The Royalists occupied the road leading from Valencia to Puerto Cabello. As Bolívar's force of 6,500 (which included over 600 volunteers from the British Isles) approached the Royalist position, Bolívar divided his force and sent half on a flanking maneuver through rough terrain and dense foliage. Bolivar led the attack through the center while Gen. Jose Antonio Paez went around to the right flank.[6] Gen. Miguel de la Torre, commander of the Spanish, also split his force and sent half to deal with this flank attack. Hitting the Patriots with musket fire, the Royalists held back the attack for a while. The Venezuelan infantry failed and retreated, but the men of the "British Legions", among them many members of the former King's German Legion, fought hard and took the hills. They played very pivotal roles in several of the independence battles and were very crucial in this battle. The legion troops were led by Colonel Thomas Ilderton Ferrier. They defended strategically important hills while being greatly outnumbered and low on supplies. They suffered 119 deaths. 11 of those were officers. Col. Ferrier was among the dead. Bolivar praised the Legion troops and called them the "Saviors of my Fatherland" and also said that they had distinguished themselves among other armies.[7]

Simon Bolivar

The cavalry militia of royalist "Llanero" fled from battlefield, and the patriot cavalry eventually broke through the Royalist lines on the center, and marched towards the rear of de La Torre's force. The Spanish infantry formed squares and fought to the end under the attack of the Patriot cavalry. The rout was so bad that only some 400 of one infantry regiment managed to reach safety at Puerto Cabello. With the main Royalist force in Venezuela crushed, independence was ensured. Subsequent battles included a key naval victory for the independence forces on 24 July 1823 at the Battle of Lake Maracaibo [8] and in November 1823 José Antonio Páez occupied Puerto Cabello, the last Royalist stronghold in Venezuela.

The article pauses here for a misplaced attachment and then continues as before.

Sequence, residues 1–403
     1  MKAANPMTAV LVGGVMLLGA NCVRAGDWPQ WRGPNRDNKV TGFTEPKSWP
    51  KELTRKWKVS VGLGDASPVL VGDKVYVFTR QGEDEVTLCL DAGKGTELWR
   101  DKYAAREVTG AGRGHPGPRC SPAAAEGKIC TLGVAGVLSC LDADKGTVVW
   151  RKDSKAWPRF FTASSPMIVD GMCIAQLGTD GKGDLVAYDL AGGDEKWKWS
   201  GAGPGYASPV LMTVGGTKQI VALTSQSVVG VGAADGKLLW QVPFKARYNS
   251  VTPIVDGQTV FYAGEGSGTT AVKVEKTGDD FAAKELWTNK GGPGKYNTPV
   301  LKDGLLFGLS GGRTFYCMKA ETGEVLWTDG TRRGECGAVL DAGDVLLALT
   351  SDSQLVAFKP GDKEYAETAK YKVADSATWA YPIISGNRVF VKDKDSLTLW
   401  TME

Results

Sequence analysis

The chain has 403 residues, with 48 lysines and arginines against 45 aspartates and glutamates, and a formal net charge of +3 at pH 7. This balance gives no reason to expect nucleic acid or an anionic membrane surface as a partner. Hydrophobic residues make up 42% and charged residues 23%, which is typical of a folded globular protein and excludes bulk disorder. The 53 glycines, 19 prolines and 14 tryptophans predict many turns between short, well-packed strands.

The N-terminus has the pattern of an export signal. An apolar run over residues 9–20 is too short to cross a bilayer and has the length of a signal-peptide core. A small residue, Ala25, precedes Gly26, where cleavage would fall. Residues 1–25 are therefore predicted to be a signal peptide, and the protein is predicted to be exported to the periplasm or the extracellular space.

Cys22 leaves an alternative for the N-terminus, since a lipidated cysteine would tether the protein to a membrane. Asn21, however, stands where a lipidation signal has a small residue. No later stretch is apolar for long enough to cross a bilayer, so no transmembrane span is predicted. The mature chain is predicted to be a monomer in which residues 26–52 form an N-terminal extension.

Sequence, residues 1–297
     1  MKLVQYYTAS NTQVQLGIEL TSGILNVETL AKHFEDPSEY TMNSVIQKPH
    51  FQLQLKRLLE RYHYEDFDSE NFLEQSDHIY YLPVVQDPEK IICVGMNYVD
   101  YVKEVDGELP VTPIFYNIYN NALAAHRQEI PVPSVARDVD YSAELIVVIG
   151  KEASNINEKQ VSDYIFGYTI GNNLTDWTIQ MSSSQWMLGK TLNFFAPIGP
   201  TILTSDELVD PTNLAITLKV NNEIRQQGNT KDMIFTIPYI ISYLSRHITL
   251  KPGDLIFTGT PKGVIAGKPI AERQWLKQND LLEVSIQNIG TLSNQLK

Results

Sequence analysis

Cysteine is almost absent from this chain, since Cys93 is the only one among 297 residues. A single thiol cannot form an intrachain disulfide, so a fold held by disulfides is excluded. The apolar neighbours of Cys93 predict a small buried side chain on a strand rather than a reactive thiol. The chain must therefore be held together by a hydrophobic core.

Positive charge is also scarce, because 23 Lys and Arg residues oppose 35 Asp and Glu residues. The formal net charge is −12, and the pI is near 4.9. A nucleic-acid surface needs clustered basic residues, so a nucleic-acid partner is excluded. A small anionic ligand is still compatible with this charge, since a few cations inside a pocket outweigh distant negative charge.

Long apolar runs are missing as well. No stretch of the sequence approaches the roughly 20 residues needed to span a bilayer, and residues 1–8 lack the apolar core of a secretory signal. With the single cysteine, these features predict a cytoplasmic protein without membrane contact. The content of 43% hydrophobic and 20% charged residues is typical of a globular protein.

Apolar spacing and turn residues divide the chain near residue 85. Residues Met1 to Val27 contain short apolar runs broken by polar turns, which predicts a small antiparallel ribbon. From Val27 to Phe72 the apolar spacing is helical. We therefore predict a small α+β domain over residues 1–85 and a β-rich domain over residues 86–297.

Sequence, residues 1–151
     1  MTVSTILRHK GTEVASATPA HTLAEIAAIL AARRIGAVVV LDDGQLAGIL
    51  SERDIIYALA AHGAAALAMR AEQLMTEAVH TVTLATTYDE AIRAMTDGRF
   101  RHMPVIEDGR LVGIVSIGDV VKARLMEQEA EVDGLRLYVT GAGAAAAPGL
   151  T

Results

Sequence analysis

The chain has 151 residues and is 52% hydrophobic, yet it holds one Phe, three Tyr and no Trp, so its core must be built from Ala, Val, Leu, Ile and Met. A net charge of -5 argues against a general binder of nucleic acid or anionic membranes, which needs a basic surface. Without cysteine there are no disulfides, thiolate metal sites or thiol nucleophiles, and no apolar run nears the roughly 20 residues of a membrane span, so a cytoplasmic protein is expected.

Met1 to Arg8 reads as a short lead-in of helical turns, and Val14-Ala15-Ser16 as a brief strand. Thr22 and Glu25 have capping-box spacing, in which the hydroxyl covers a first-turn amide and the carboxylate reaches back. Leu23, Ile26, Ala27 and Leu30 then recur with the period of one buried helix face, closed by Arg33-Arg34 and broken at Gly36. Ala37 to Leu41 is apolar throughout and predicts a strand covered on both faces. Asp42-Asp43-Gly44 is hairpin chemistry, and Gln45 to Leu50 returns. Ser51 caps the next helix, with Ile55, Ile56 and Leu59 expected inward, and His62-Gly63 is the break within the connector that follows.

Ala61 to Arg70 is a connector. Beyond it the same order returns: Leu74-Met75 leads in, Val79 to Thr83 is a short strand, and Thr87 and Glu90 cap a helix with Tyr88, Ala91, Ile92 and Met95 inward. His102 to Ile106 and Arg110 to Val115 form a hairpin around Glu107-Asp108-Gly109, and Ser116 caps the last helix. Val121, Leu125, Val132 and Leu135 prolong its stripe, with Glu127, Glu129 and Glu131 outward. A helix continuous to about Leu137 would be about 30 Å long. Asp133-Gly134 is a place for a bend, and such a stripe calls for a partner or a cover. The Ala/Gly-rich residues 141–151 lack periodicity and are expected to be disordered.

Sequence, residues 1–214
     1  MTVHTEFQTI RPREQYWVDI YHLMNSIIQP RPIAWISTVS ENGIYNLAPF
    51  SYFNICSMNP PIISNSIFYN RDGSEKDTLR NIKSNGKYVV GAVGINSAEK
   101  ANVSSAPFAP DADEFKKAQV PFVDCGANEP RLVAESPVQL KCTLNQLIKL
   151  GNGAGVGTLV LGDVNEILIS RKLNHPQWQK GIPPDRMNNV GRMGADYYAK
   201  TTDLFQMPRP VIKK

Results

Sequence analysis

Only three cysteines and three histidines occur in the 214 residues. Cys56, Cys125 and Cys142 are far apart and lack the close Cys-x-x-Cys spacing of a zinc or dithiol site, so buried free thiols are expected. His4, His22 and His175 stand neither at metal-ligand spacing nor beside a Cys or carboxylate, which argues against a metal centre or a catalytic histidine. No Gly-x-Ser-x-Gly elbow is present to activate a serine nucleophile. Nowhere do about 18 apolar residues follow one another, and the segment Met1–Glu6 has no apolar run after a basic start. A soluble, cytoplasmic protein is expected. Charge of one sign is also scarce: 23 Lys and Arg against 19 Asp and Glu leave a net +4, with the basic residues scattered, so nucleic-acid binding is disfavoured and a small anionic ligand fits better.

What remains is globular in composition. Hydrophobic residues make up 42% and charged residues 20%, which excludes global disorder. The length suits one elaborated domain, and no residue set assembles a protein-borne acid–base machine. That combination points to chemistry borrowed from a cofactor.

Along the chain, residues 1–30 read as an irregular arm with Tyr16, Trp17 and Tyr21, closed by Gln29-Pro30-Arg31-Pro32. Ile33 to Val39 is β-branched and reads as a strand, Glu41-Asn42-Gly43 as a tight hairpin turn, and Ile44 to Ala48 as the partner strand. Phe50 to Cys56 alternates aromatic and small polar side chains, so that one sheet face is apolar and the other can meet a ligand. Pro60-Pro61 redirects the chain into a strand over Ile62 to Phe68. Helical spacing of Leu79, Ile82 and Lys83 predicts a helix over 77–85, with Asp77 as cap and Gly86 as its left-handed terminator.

24 June is celebrated as Battle of Carabobo Day. This day is also called "Army Day" in Venezuela.

Battle of Carabobo Day

Every year during the month of June; the 24th specifically, honors the penultimate battle of the Venezuelan War of Independence and the largest battle of that war that finally secured national independence after years of war against Spain.

It is a national celebration that is televised. It lasts all day with a military parade of the Venezuelan Army, showing to public all armaments, tanks, battalions, weapons, etc. of the ground forces, as the main highlight.[9]

This military parade doesn’t have any sponsorship except the government.

It’s the largest military parade in the country after the celebration of the birth of General Simon Bolivar on 24 July 1783 (Navy Day) and the annual Independence Day parades of 5 July yearly.

Also held is a joint historical reenactment organized by the Carabobo State Government and the Ministry of Education on the very site of the battle, joined in by elementary and middle school students.

See also[edit]


  1. ^ British Legions and mixed units [1] [2]
  2. ^ from 1,551 of theoric cavalry , only two squadrons of hussars fight as infantry. The rest of royalist cavalry, 1,372 Venezuelan Llaneros, flee from the battle
  3. ^ Implausible, even if given by Bolivar.
  4. ^ Kris E. Lane; Matthew Restall (2011). Wadsworth, ed. The riddle of Latin America (Student ed. ed.). Boston, Mass.: Houghton Mifflin Harcourt. pp. 173–174. ISBN 0618153063. 
  5. ^ "Battle of Carabobo". Encyclopedia Brittanica. 
  6. ^ "Battle of Carabobo". Encyclopedia Brittanica. 
  7. ^ Piero Gleijeses. "The Limits of Sympathy: The United States and the Independence of Spanish America". Cambridge University Press. 
  8. ^ Albert H. Gerberich. "A Forgotten Episode of History: The Battle of Lake Maracaibo". The Pennsylvania Magazine of History and Biography 52 (1): 82–83. 
  9. ^ "Venezuela Battle of Carabobo Day". 

External links[edit]

Animated Demo[edit]


Coordinates: 10°00′16″N 68°09′57″W / 10.0045°N 68.1657°W / 10.0045; -68.1657